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will elect to statewide office governors, attorneys general and the like. and the next time around they're not going to be able to pass a map and the next time around it will probably end up in gridlock and a judicial line drawing. i don't think that's the happiest result in the world, but it means you're not going to be able to perpetuate this in the long run. here's what's on the other side of the ledger. >> let me give you a 49% state which is more like what north carolina is. so a 48 or 49% state might not find it so easy to do that. yet that 48 or 49% in this map is consistently being represented by 25%, give or take, of the legislature. >> and i don't think anybody has a solution. i think gerrymandering is sufficiently unpopular as proven by history that the 48% might get i lekelected.
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but if you're 35%, nobody's got a solution for you. i think justice o'connor had her finger on the pulse of state electoral politics said this problem is largely self-healing. on the other side of the weight, if you get in the business of adjudicating these cases, these cases will come. they will come in large numbers and they will come on your mandatory appellate jurisdiction. once you get into the political thicket, you will not get out and you will tarnish the image of this court for the other cases where it needs that reputation for independence so people can understand the fundamental difference between judging and all other -- >> mr. clement, you seriously -- >> i'm sorry? >> just what you said now, that was the exact same argument about don't go to one person/one vote. the courts will be flooded with cases and they'll never be able to get out of it. that's not what happened.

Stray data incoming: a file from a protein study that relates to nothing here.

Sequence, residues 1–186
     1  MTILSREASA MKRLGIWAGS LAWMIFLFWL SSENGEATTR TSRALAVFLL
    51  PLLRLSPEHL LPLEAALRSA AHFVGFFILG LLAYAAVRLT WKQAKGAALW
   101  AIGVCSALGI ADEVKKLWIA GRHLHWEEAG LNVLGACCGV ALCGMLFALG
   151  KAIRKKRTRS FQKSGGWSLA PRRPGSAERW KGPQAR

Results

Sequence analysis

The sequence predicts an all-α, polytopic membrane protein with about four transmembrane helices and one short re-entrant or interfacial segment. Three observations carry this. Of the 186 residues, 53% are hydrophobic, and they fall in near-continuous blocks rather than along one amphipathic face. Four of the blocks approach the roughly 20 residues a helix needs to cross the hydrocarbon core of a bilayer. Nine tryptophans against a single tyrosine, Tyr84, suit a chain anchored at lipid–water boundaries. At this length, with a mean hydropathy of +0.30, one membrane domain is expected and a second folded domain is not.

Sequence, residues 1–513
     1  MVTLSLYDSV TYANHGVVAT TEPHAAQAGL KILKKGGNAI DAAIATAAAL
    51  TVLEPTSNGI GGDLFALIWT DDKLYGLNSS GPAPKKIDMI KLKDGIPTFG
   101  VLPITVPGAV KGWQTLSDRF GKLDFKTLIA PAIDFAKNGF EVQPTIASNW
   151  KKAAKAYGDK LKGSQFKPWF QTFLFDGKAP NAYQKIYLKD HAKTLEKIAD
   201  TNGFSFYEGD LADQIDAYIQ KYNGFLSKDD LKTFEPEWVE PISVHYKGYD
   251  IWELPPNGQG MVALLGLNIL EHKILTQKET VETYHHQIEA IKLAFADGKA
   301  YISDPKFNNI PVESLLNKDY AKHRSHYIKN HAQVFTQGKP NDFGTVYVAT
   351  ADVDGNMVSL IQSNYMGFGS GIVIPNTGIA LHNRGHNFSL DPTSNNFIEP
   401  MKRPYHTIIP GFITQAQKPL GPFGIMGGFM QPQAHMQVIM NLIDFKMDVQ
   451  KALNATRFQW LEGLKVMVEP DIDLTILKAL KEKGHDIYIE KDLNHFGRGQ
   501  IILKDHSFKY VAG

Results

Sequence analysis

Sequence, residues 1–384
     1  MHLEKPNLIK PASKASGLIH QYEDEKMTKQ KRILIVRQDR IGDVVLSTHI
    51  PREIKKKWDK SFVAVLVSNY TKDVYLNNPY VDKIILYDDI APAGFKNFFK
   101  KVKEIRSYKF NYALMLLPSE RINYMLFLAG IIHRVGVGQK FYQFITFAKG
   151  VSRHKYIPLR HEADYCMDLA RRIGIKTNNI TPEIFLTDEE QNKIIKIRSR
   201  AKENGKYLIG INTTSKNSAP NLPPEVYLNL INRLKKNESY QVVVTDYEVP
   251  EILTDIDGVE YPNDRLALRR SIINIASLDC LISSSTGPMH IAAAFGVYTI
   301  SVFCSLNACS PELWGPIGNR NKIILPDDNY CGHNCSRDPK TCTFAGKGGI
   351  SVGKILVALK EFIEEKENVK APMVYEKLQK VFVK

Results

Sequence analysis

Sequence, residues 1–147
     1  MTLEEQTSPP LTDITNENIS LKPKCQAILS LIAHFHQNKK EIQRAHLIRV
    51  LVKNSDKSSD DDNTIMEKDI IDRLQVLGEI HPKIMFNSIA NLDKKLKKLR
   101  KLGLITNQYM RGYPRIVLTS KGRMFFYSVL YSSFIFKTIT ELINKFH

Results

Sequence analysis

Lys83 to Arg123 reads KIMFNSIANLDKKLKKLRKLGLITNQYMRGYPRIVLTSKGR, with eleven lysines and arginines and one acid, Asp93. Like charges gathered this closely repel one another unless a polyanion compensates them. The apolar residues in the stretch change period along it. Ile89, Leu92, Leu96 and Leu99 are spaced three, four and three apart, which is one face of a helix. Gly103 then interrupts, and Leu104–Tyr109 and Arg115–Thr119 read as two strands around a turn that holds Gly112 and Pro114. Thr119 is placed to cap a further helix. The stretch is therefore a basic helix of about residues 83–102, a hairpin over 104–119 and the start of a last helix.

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>> sometimes an argument that's not a great argument in one context turns out to be pretty darn good in another context. if you tell state legislatures that are literally divided down the line in the middle with a physical aisle between democrats and republicans that they can't take partisanship into account u then you're really telling them to get out of the business of redistricting entirely or you're opening yourself up for case after case after case. >> can i ask a question, which is first isn't proportional representation a judicially manageable standard? >> well, it's a difficult standard that would require answering some elections about baseline but it could be manageable. >> the second is why can't the equal protection clause be interpreted to require something